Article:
• Advertising in local newspapers is usually more modest and often generates a faster response than advertising in national newspapers. 
  • Almost all clinics have their website with a vacancy section. Many, if not most, now only accept emailed CVs and applications, further reducing advertising costs and registration times. 
Hiring & Screening CVs 

Depending on the number of CVs received, checking for the right skills can be tedious and done correctly. While there is no single way to check CVs, they are usually divided into three groups:

  1. Group 1 consists of people with exceptional skills who are serious candidates. 
  2. Group 2 is made up of people with only basic skills. If no one in group 1 is practical, those in group 2 are placed at the top of the list. 
  3. Group 3 includes people who do not fit at least one of these skills. 


The following must be considered when reviewing CVs:

  • Informal words, abbreviations, and misuse of expressions. These suggest unprofessional candidates.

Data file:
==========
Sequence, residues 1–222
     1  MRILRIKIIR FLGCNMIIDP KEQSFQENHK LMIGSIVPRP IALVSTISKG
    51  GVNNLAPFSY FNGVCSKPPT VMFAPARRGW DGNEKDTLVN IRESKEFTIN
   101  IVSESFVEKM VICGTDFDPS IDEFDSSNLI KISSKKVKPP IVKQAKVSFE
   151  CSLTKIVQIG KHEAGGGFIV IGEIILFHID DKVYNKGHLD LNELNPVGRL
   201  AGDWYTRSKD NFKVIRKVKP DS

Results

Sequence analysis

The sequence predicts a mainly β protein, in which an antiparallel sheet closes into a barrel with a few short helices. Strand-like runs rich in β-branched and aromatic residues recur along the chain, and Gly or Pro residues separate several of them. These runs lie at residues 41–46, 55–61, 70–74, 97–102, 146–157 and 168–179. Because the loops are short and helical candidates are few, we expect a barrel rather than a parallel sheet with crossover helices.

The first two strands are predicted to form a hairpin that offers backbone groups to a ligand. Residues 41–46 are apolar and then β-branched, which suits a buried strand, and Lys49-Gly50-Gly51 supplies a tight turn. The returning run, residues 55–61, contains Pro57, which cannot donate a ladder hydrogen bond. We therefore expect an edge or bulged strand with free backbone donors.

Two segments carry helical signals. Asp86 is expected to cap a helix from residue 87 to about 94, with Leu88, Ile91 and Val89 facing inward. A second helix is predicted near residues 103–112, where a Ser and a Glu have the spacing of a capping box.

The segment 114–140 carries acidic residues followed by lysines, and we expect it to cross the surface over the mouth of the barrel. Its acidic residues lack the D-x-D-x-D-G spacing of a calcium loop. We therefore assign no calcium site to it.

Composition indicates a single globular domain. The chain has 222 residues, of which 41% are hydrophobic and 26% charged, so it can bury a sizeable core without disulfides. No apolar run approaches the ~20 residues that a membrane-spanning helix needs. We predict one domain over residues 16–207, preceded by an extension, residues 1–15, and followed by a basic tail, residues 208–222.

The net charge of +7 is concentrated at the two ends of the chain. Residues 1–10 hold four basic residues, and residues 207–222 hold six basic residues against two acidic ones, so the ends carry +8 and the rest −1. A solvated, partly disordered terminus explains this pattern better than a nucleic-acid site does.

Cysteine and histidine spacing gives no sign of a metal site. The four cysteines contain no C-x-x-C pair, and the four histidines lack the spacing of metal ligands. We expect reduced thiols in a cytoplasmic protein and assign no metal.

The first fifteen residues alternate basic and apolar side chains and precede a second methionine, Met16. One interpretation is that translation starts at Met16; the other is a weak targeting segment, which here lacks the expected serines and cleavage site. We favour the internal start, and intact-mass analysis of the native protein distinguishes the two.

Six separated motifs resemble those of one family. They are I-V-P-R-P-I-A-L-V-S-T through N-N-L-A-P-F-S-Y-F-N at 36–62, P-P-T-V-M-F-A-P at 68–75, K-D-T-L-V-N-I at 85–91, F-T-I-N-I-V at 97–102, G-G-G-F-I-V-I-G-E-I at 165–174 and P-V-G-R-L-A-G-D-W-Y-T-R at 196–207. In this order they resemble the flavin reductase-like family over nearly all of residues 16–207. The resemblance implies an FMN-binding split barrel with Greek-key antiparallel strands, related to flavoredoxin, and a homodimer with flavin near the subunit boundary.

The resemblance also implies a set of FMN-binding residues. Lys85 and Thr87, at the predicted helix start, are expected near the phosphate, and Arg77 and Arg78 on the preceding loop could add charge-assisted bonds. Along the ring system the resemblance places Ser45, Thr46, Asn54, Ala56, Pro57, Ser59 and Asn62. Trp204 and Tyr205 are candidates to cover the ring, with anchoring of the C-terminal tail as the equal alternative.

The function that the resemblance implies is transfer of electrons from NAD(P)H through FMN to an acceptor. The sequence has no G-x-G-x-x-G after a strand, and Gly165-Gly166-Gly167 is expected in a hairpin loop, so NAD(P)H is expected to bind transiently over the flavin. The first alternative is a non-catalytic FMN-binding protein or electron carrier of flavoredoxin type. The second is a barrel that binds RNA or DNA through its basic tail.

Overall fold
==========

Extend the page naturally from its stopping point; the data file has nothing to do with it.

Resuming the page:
• Handwritten or photocopied CVs. They show that the candidate is not interested in the job.
  • The CV should be presentable, use good quality white paper and not be too long (no more than two pages). Different text fonts, inconsistent font sizes, or inappropriate bolding, underlining, capitals, or italics can be distracting and make the CV challenging to assess.
  • Colored paper, decorative symbols, watermarks, or scented paper are not related to the candidate’s competencies and do not help in the selection process.
  • Allowing a candidate who does not meet the published minimum qualifications but has other valuable skills may lead to legal concerns involving inappropriate hiring practices. 
  • Mention of personal matters such as marital status, children, political activities, etc., may inadvertently enable prejudices. Warning signs include information about the candidate’s last job (why he was fired, why he had a “bad manager,” the manager was biased, “several employees did not like me,” etc.).
  • Avoid prejudging candidates because of their names, such as peculiar spellings, unfamiliar or ethnic terms, or prejudices linked to sexual orientation.